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Schools take center stage during third legislative week

Posted: Monday, Feb 4th, 2013




HURON – Clear, straight-from-the heart testimony from Huron school officials is helping to move a bill through the Legislature to appropriate extra funding for districts strapped with costs for English as a Second Language programs.

“We took an approach that this is an extension of the workplace initiative,” Sen. Jim White, R-Huron, said at Saturday’s second legislative forum.

White and Rep. Dick Werner, R-Huron, are leading the charge to get Democratic Rep. Peggy Gibson’s original bill passed this year. It would appropriate $2.5 million for ESL programs in local school districts.

It makes sense to address the issue statewide because 77 districts are already impacted by ESL needs, White said.

The bipartisan bill passed the Senate Education Committee after local school superintendents and other educators testified in favor of it.

There were no opponents and it now goes to the Senate floor.

Gibson termed it a wonderful piece of legislation that equalizes the English language issue for students.

A representative of an Aberdeen company said the business would not be in operation if it did not have “new Americans” to fill all the needed jobs, White said.

In return for additional state sales tax revenues, the bill asks that a portion of the funding go to local school districts to cover additional costs of teaching English.

Meanwhile, the bill that would allow teachers and others to be armed in the schools, with the approval of the local school board, passed the House, but was not supported by Gibson or Werner.

Gibson said she believes there are sufficient measures in place to protect students and teachers.

“I have a concern we’re heading off a potential issue by creating another issue,” Werner said in explaining his opposition.

With high school government students in the audience, Gibson talked about bills heard this week that came out of a teen driving task force she served on.

Legislators are considering proposals that will hopefully prevent injury and fatal crashes involving teen drivers.

Among them are bills to revise instruction permits and restricted minor’s permits, ban texting and driving and limit the number of passengers in vehicles driven by the holder of a restricted minor’s permit.

Another measure would establish a statewide driver’s education program.

White said while he questions how it would be enforced, he favors a texting and driving ban.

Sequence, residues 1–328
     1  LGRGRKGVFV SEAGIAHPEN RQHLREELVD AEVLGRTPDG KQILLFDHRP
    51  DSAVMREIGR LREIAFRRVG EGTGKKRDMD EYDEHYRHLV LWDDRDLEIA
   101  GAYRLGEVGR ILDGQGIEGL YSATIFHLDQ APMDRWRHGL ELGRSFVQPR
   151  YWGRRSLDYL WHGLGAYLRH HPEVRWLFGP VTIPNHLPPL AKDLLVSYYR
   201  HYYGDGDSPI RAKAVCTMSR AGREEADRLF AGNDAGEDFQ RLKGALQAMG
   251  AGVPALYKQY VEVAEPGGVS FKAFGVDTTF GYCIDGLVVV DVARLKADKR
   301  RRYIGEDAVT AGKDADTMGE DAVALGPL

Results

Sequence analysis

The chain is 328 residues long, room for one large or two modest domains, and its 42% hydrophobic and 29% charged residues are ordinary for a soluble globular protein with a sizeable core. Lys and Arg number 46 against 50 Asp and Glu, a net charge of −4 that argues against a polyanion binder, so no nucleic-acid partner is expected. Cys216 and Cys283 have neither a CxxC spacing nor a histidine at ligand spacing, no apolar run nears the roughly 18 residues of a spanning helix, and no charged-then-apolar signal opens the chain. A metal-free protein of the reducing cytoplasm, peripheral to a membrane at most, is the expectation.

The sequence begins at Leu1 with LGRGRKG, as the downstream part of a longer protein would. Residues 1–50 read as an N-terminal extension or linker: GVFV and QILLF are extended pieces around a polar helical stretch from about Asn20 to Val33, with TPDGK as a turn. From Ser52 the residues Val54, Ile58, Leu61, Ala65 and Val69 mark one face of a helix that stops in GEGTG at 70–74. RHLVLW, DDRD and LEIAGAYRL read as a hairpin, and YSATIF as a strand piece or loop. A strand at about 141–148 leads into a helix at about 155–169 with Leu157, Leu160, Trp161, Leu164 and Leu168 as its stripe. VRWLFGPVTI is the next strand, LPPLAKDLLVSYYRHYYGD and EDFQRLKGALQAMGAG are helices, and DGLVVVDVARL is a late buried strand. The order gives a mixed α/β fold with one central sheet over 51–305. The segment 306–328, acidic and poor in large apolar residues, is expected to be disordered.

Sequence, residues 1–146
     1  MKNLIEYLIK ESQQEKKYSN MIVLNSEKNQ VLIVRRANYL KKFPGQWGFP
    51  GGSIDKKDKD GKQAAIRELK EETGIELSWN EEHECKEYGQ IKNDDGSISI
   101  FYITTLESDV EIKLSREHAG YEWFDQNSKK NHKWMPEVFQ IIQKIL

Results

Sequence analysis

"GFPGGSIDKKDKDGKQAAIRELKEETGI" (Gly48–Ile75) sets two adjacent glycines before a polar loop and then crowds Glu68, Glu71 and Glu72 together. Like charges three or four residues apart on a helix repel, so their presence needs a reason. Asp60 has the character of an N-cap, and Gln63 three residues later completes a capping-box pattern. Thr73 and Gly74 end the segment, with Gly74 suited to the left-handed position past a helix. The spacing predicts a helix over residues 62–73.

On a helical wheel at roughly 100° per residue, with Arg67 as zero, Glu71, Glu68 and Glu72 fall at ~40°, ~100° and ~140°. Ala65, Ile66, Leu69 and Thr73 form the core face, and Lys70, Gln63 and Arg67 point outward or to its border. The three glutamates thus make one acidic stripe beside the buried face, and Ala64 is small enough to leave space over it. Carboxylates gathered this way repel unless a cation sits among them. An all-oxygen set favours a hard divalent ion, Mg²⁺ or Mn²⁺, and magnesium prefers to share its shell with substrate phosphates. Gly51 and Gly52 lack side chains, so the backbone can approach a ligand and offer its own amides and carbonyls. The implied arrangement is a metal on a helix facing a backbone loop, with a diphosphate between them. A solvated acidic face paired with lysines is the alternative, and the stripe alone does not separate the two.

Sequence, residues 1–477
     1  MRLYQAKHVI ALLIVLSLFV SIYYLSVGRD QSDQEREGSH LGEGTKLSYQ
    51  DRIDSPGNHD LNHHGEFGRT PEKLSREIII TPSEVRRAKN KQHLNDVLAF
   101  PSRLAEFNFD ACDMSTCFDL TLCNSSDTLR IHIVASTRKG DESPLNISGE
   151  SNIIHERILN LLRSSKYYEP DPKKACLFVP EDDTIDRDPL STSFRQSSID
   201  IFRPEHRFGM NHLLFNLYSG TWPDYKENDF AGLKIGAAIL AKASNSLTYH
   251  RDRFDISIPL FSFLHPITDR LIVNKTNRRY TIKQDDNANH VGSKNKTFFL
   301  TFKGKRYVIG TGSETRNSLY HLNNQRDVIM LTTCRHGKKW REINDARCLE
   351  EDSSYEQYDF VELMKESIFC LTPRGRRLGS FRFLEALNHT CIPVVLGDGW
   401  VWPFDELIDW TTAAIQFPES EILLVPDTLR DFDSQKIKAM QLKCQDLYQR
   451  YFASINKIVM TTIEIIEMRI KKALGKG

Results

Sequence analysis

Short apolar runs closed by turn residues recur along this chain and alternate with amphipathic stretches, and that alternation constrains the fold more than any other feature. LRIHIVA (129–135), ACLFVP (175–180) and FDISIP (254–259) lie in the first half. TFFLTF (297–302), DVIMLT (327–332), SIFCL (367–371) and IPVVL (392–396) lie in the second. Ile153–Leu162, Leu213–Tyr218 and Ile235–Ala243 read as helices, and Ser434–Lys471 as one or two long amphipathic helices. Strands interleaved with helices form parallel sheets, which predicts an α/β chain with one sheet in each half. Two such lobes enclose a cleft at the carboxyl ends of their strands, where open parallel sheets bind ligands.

Proposals for projects involving the State Fair continue to look promising.

Backed by Gov. Dennis Daugaard, one bill would give the Legislature authority to authorize $4 million to build a 4-H complex on the state fairgrounds.

“When we talked about that process, we talked about how big 4-H is in South Dakota,” White said.

Funding would come from private sources, just as it does for major projects on the campuses of South Dakota State University and the University of South Dakota.

A second bill would appropriate $100,000 to bring in two governor’s houses to the state fairgrounds to house inmates working on the grounds.

The funds would come out of the State Fair budget. But the fair would save $20,000 a year by not having to contract with outside labor.

Gibson said it’s a positive sign to have the governor’s support for the fair, which hasn’t always been the case in the past. State Fair Park is the largest camping facility in the state.

Daugaard is interested in the state park system because of tourism, and is supporting improvement projects as well as the creation of a new park near the South Dakota and Iowa border.

Blood Run would be the 13th state park, located on a 600-acre site.

In the Appropriations Committee sessions, White, Werner and the other members continue to hear from state departments. They listened to a presentation from the board of regents on plans for the universities, as well as reports from the Department of Transportation, in the military and veteran’s affairs.

Representatives of the technical institutes also addressed the committee on that growing area of the economy, Werner said.

“It was very enlightening,” he said.

Werner and White were also named to a health insurance subcommittee to look at ways to control costs.















For the complete article see the 02-03-2013 issue.

Click here to purchase an electronic version of the 02-03-2013 paper.











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